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Why are there no trials before one takes the biggest and most important decision of their lives? Why are we still expected to stay in unhappy marriages?
If a girl returns home after an unsuccessful marriage, people around her are constantly looking at her with suspicious eyes, making her uncomfortable. This just creates more worry for her family and creates issues for her to live there. I believe, such interference needs to be stopped.
Any woman who is capable of living on her own and is unhappy in her marriage is much happier single than being in an unhappy marriage. She need not stay in an unhappy marriage simply for the sake of societal reputation. Let her live freely without any guilt about not sacrificing her freedom and staying happy with her husband, no matter what the situation is.
When the society sees a woman living at her parent’s house even after her marriage, they have a lot of doubts and curiosity about it. Guys, please, focus and concentrate on your own life instead of poking your nose in other’s personal matters. These are the ‘chaar log’ who create confusion and problems in other people’s lives.
Also, nowadays with social media being an important part of daily life, the social media life is more important than the real one. People are more interested in where and with whom a person spends their day or who comments on their pictures on social media.
The daughter who is happy with her own family, who spends time with them and celebrates everyday is unable to share her pictures on social media. All this simply because she was once married and left the unsuccessful marriage. She still is unable to be ready to inform the society that she is happy now. Let the daughter be at home, if she wishes to be there.
Even today, when we buy a pair of shoes or dress, we try it on and if we don’t like it, we don’t buy it. Similarly, there is nothing like that before taking life’s biggest decision, that of marriage. You are supposed to stay with the person you got married to, even if you’re unhappy.
I know there is a difference between buying clothes and getting married. However, we always do everything after a trial, like the ad for a detergent, ‘Pehle istemal karo, fir, vishwas karo.’ Then, what about marriage? Are we not allowed to ever leave a particular relationship if we are unhappy or dissatisfied?
Picture credits: Still from Bollywood movie Kabhi Alvida Naa Kehna…
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Writing is my passion as well as my hobby. Just love to pen down whatever i think and share with the people with same mindset. read more...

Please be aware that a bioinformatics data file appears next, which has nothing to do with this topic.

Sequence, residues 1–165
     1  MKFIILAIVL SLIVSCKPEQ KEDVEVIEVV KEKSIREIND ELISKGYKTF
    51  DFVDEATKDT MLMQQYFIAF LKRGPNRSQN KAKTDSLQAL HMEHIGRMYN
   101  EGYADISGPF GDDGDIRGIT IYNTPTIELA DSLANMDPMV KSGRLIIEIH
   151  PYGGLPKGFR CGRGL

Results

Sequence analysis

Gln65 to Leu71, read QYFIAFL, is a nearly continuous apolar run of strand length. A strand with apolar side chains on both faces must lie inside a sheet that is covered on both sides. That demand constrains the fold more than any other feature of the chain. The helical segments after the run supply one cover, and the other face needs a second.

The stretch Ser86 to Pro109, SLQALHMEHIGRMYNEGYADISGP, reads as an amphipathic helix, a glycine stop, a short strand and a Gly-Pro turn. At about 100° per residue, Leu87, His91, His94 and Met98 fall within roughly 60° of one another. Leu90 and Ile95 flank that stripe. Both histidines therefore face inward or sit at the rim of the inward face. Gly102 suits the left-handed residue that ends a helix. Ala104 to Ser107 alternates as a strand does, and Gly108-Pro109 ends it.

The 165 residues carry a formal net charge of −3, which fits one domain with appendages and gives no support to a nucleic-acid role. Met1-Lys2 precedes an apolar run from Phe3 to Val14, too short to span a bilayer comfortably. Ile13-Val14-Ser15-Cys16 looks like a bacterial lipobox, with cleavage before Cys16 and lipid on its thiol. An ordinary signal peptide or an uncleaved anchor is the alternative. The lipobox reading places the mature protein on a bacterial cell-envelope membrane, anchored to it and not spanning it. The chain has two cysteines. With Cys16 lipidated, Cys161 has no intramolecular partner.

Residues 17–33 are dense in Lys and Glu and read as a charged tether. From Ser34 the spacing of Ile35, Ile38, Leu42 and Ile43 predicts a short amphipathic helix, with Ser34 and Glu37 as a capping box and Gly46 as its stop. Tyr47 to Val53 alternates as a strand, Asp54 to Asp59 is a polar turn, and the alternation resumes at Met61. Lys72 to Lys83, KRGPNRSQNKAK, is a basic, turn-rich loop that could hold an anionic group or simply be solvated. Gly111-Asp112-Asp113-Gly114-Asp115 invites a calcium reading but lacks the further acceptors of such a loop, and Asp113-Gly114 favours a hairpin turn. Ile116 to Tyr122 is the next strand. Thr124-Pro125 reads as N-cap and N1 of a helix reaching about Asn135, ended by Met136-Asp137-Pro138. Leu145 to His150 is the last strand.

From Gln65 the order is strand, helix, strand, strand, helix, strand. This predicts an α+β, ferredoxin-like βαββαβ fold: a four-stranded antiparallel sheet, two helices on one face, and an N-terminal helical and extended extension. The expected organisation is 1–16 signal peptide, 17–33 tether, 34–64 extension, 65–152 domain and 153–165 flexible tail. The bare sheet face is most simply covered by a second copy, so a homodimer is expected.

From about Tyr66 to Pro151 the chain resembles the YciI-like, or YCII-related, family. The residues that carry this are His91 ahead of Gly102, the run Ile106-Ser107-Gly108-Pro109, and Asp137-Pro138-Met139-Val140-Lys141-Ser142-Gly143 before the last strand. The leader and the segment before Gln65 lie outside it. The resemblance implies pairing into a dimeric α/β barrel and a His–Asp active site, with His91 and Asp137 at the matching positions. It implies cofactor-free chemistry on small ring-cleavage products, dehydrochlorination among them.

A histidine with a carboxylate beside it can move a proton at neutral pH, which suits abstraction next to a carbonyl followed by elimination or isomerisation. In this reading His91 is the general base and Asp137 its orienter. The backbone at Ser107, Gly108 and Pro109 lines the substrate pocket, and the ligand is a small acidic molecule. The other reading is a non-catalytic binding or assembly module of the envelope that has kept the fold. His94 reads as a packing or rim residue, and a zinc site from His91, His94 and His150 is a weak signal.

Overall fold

Women's Web is an open platform that publishes a diversity of views, individual posts do not necessarily represent the platform's views and opinions at all times.
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Shows like Indian Matchmaking only further the argument that women must adhere to social norms without being allowed to follow their hearts.
When Netflix announced that Indian Matchmaking (2020-present) would be renewed for a second season, many of us hoped for the makers of the show to take all the criticism they faced seriously. That is definitely not the case because the show still continues to celebrate regressive patriarchal values.
Here are a few of the gendered notions that the show propagates.
A mediocre man can give himself a 9.5/10 and call himself ‘the world’s most eligible bachelor’, but an independent and successful woman must be happy with receiving just 60-70% of what she feels she deserves.
Darlings makes some excellent points about domestic violence . For such a movie to not follow through with a resolution that won't be problematic, is disappointing.
I watched Darlings last weekend, staying on top of its release on Netflix. It was a long-awaited respite from the recent flicks. I wanted badly to jump into its praise and will praise it, for something has to be said for the powerhouse performances it is packed with. But I will not be able to in a way that I really had wanted to.
I wanted to say that this is a must-watch on domestic violence that I stand behind and a needed and nuanced social portrayal. But unfortunately, I can’t. For I found Darlings to be deeply problematic when it comes to the portrayal of domestic violence and how that should be dealt with.
Before we rush to the ‘you must be having a problem because a man was hit’ or ‘much worse happens to women’ conclusions, that is not what my issue is. I have seen the praises and criticisms, and the criticisms of criticisms. I know, from having had close associations with non-profits and activists who fight domestic violence not just in India but globally, that much worse happens to women. I have written a book with case studies and statistics on that. Neither do I have any moral qualms around violence getting tackled with violence (that will be another post some day).